Among the eloquent oratory attending the any D-Day anniversary is a frequent refrain: “The Greatest Generation” preserved America’s freedom. It is, however, a gross overstatement. The plain fact is that neither Germany nor Japan ever had the ability to conquer America.
By June 1944, both Axis powers had lost control of the sea, besides which they lacked the ships and manpower to occupy North America. (If Hitler was unable to invade Britain in 1940, how could he occupy America?) In fact, the Axis already was fatally overextended on the Eurasian landmass and in China.
Even today, orators continue overstating the threat to America’s freedom. While our security may be at risk in the war on terror, our freedom is as secure as We The People will tolerate. Not even during the height (or depth) of the Cold War was American freedom at stake. The Soviet Union had the power to destroy us, but never could have enslaved us. Only Americans have the ability to deprive Americans of their freedom.
What, then, was America’s stake on Norman beaches?
The question answers itself. At stake was Western Civilization, and the freedom of most of Europe. France, Belgium, Holland, Denmark, Italy, Poland, Greece, Yugoslavia, Norway and other nations awaited liberation. In fact, so did Germany and its European allies: Bulgaria, Hungary and Romania. Sadly, many of them merely exchanged one oppressor for another: Nazism for Communism.
In June 1944 a celestial observer in low orbit would have marveled at the immense breadth and variety of violence on Planet Earth. It was a watershed period in World War II, and not only Operation Overlord in Normandy on June 6. That month truly defined the phrase “world war.”
On the fourth Allied forces entered Rome, liberating the Eternal City after nine months of muddy, bloody slogging up the Italian boot. The U.S. Fifth Army gained the credit but the victory also belonged to Britons, New Zealanders, South Africans, Frenchmen, Poles, Indians and Gurkhas; even some Brazilians. But at the end of the war in May 1945, enemy forces still owned northern Italy. In fact, the Axis-- outnumbered six to one and out-produced beyond computing--tied the rest of the world in knots for six years, including America, the British Empire, China, and the Soviet Union.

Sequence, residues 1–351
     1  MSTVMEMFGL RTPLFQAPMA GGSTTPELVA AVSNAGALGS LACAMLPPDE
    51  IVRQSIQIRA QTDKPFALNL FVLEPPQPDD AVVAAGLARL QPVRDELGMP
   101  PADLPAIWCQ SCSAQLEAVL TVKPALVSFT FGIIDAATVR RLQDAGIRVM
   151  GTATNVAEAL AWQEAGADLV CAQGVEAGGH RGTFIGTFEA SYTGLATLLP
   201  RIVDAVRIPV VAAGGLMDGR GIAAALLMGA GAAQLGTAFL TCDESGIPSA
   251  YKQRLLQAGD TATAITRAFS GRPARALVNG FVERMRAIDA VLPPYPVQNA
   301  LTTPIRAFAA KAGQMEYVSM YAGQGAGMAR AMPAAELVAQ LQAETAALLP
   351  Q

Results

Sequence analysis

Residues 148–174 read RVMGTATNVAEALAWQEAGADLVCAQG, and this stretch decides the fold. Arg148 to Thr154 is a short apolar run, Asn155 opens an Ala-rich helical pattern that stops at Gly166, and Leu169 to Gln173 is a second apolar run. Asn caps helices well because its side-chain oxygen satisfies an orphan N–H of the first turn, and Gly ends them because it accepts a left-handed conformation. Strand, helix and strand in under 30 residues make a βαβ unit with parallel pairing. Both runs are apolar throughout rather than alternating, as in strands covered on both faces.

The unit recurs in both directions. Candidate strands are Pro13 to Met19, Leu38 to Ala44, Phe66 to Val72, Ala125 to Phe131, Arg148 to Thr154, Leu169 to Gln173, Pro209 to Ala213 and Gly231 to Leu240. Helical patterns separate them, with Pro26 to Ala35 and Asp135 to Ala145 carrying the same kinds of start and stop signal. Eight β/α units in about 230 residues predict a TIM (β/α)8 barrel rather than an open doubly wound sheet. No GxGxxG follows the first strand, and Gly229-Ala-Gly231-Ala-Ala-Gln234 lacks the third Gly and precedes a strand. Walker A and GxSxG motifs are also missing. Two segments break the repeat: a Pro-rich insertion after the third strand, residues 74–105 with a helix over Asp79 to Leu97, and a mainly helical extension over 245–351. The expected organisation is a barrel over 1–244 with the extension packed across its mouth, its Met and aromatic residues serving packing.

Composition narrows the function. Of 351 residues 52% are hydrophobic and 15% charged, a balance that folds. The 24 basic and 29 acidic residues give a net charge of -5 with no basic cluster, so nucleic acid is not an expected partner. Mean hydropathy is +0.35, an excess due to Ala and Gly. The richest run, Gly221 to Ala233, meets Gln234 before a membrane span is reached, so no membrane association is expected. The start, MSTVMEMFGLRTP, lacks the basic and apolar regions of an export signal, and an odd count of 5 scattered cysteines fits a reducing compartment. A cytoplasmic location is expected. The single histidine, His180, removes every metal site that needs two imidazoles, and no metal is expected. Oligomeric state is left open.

Also in Italy, the U.S. Fifteenth Air Force flew its first shuttle mission to Russia. Between June 2 and 11, nearly 200 bombers and fighters attacked German targets in Romania while staging out of Soviet bases.
Meanwhile on the Eurasian landmass, Russia prepared a massive blow. Along the Donets the Wehrmacht still occupied land several hundred miles east of Kiev. Four Soviet army groups--124 divisions with 1.2 million men--were poised to strike, a cocked fist with an armored avalanche of 5,200 tanks and massive artillery on a scale that only Russians have ever managed. Half a million Germans awaited the blow on Army Group Center.
In northeastern India, British Empire forces shot it out with determined Japanese attackers (the only kind the Emperor possessed) at a place called Imphal. It was valuable more for its position than anything intrinsic: Imphal controlled the only all-weather highway on the Burmese frontier. In a dank, jungly world perennially wet, soldiers on both sides watched their uniforms mold and weapons rust almost before their eyes. Tokyo's hope of seizing the crown colony died in the rot and decay of Manipur Province.
Meanwhile, American power also projected westward that June. On the opposite side of the globe, Operation Forager smashed Japanese defenses in the strategic Mariana Islands, 1,500 miles south of Tokyo. Conquest of Saipan, Guam, and Tinian involved the greatest aircraft carrier battle of all time, and put B-29 bombers within range of Japan itself. Significantly, 80 percent of the ships in the Fifth Fleet had been commissioned in the two and a half years since Pearl Harbor.
Federal spending reached $91.3 billion in 1944, raising the national debt to $204 billion. But unemployment ran merely 1.2 percent, and more than a few servicemen reckoned that at least one percent of the population was unemployable.
Like every other operation, Overlord turned on logistics. The vital aspect of D-Day that’s usually overlooked was the tremendous task of moving men and materiel from the New World to the Old. Thanks to the U.S., British, and Canadian navies, defeat of the U-boats by May 1943 cleared a transatlantic path to Omaha and Utah Beaches.
President Franklin D. Roosevelt already had proclaimed America the arsenal of democracy, and however undemocratic some of FDR’s allies proved, the U.S. became a global Vulcan’s forge.
Consequently, the supply war was fought and won at home, in factories and farms. Among other things, America manufactured 79,000 landing craft; 297,000 airplanes; 2.5 million trucks; 12.8 million rifles; and 190 million pair of boots and shoes.
For American servicemen one of the greatest events that month was passage of the GI Bill of Rights. It provided for postwar education loans plus additional discharge pay, unemployment benefits, and social security credit for time in uniform.
So when you think of the WWII veteran, don’t allow your mental computer to default to the traditional recruiting-poster image. The vet may have wielded a bazooka, piloted a bomber, skinned a bulldozer or a pounded a typewriter. Additionally he—or she—may have welded steel plates in Norfolk or riveted airframes in Seattle. But Rosie the Riveter and GI Joe formed an unbeatable team. Between them, they helped win the war. And in doing so, they shaped our world.